In 7 Linux commands to gather information about your system, I showed different command line applications you can use to get information about your system. These commands are a great way to obtain specific system information, such as CPU or RAM details. They are particularly useful if you want to process that information with other commands.
Maybe you're looking for a tool that provides a comprehensive view of the main system components graphically. If so, CPU-X is a fantastic option. CPU-X is an open source utility that collects system information about your CPU, motherboard, RAM, and GPU and displays it in a graphical interface.
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In this article, I'll demonstrate some of CPU-X's main features.
If you're running Fedora, you can install CPU-X straight from the official repository using
$ sudo dnf -y install cpu-x
A few other distributions, as well as FreeBSD, provide packages for CPU-X. If your distribution does not support it, you can run it as an AppImage or build it from source.
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View system information
Once it's installed, run CPU-X by typing the command
cpu-x in your terminal or clicking the icon on your application menu. By default, CPU-X runs as an unprivileged user displaying CPU information.
Switch tabs to see information about other components, such as system information:
Or GPU information:
You can select the other tabs to obtain information about cache speed or for benchmarking.
Enable additional data with daemon mode
Running CPU-X as a regular user allows you to see most of the information available—but not all. To gather the missing information, CPU-X requires root access to parts of the system.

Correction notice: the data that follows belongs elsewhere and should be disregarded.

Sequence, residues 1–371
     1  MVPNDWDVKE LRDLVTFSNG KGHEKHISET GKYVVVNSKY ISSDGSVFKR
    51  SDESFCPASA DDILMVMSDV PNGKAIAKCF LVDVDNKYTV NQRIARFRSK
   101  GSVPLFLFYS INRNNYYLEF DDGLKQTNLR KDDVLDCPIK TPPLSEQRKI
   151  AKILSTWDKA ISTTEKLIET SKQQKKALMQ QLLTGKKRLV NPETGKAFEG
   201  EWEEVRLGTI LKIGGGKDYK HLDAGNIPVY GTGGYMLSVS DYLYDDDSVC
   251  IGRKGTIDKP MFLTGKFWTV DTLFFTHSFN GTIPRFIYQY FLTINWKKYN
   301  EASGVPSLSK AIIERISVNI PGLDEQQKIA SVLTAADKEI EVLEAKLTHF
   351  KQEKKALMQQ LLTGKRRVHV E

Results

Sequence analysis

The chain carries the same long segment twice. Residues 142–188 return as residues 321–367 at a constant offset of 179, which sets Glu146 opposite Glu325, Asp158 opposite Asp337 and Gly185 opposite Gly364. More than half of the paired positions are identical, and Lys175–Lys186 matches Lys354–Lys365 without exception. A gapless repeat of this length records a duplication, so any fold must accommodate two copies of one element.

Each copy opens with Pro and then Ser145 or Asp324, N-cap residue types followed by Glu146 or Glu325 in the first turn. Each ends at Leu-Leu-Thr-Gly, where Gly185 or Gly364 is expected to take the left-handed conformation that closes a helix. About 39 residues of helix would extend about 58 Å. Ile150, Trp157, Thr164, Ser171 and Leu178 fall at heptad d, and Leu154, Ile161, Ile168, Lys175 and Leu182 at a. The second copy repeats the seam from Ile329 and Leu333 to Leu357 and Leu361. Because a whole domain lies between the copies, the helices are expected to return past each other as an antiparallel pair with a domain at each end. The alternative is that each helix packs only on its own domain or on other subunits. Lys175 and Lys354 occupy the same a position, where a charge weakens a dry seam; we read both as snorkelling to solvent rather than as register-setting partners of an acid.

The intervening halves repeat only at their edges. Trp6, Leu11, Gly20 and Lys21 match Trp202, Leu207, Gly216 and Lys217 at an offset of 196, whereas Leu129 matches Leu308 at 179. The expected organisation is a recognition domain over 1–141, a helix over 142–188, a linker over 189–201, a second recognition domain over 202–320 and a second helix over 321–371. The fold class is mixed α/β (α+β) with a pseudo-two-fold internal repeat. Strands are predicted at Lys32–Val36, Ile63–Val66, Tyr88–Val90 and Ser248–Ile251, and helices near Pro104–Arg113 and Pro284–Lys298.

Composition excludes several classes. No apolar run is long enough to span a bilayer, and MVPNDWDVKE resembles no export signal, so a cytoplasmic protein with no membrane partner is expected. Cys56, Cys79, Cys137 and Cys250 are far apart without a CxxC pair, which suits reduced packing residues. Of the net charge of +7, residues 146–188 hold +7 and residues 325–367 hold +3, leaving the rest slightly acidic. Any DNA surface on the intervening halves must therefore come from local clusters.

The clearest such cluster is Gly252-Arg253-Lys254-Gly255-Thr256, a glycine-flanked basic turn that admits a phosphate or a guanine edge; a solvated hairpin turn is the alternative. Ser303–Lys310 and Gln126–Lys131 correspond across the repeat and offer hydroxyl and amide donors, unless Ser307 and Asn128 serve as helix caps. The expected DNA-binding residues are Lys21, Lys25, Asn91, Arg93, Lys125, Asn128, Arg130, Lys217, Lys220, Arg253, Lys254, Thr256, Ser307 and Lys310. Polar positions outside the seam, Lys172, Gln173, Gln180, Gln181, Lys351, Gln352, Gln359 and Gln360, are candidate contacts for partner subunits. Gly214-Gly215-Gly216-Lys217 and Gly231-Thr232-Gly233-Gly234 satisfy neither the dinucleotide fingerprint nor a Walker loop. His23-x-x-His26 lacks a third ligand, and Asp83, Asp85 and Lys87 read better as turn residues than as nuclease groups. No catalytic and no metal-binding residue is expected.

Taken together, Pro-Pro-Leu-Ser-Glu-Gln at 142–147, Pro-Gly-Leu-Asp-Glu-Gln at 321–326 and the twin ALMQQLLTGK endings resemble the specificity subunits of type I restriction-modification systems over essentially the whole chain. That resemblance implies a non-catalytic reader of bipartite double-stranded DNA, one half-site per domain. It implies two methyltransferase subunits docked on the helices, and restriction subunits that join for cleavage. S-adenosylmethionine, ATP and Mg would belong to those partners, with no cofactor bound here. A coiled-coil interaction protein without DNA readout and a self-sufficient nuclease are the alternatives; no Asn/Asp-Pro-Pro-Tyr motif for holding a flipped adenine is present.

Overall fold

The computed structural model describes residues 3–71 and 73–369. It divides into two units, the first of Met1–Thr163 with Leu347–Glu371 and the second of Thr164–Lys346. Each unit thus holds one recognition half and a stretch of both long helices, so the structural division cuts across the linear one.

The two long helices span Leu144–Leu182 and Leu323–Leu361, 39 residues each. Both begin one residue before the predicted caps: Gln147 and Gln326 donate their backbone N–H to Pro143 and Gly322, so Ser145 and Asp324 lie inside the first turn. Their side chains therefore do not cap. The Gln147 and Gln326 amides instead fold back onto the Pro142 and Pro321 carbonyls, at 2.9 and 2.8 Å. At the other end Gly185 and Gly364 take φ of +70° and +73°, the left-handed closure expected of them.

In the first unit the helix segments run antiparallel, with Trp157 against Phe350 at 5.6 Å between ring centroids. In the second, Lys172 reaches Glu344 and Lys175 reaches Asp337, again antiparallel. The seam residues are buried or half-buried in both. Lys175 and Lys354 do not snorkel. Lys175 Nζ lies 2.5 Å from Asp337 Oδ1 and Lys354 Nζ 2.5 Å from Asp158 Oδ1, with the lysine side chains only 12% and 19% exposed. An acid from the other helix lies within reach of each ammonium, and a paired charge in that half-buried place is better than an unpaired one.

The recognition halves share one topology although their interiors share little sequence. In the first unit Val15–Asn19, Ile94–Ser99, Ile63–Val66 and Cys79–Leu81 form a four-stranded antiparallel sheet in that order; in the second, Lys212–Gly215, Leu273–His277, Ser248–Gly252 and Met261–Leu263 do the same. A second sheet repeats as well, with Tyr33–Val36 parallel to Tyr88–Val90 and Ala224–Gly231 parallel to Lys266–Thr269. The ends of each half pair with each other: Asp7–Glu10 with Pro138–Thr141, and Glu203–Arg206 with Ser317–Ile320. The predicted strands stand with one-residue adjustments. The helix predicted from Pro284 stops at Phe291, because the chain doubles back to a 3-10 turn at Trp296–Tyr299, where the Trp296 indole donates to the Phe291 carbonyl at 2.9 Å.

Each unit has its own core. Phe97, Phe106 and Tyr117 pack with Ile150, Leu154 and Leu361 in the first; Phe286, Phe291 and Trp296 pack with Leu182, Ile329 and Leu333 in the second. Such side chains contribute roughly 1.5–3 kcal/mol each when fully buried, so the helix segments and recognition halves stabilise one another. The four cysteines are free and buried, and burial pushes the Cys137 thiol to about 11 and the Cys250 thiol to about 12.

To accomplish this while running the interface as a regular user, CPU-X provides a daemon mode. When you start CPU-X in daemon mode, it runs a small component as the root user, which then passes information back to the user interface (UI) running as a regular user. To start daemon mode, launch CPU-X from the command line with the parameter
--daemon or click on the button Start daemon on the interface. In both cases, you must type your password to run the daemon as root:
$ cpu-x --daemon
With the daemon running, a new tab, Memory, appears to show information about physical memory banks:
Depending on your hardware, information missing on other tabs may also be available now. Because it depends on the hardware, results may vary.
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For those who like the terminal, CPU-X provides an interactive terminal interface based on the ncurses library. To use it, start CPU-X from the command line with the parameter
$ cpu-x --ncurses
You can see the same information from the graphical UI on your terminal. Navigate across tabs using your keyboard's arrow or Tab key. Press h for help with additional keybindings and q to quit the interface.
Instead of an interactive interface, you can also dump the information to your terminal by starting CPU-X with the parameter
$ cpu-x --dump >>>>>>>>>> CPU <<<<<<<<<< ***** Processor ***** Vendor: AMD Code Name: Ryzen 7 (Cezanne) Package: FP6 (BGA-1140) Technology: 7 nm Voltage: Specification: AMD Ryzen 7 PRO 5850U with Radeon Graphics Family: 0xF Disp. Family: 0x19 Model: 0x0 Disp. Model: 0x50 Temp.: Stepping: 0 Instructions: MMX(+), SSE(1, 2, 3, 3S, 4.1, 4.2, 4A), AVX(1, 2), FMA(3), AES, CLMUL, RdRand, SHA, AMD-V, x86-64
This is a good alternative if you want to quickly get a piece of information or process the results with other tools, such as
CPU-X is a great way to gather and display system information. It's comprehensive and flexible, allowing you to see data on a graphical or text interface.
For more options or to customize the appearance or keybindings for ncurses mode, look at the help by running
cpu-x --help. You can also consult the project's wiki page.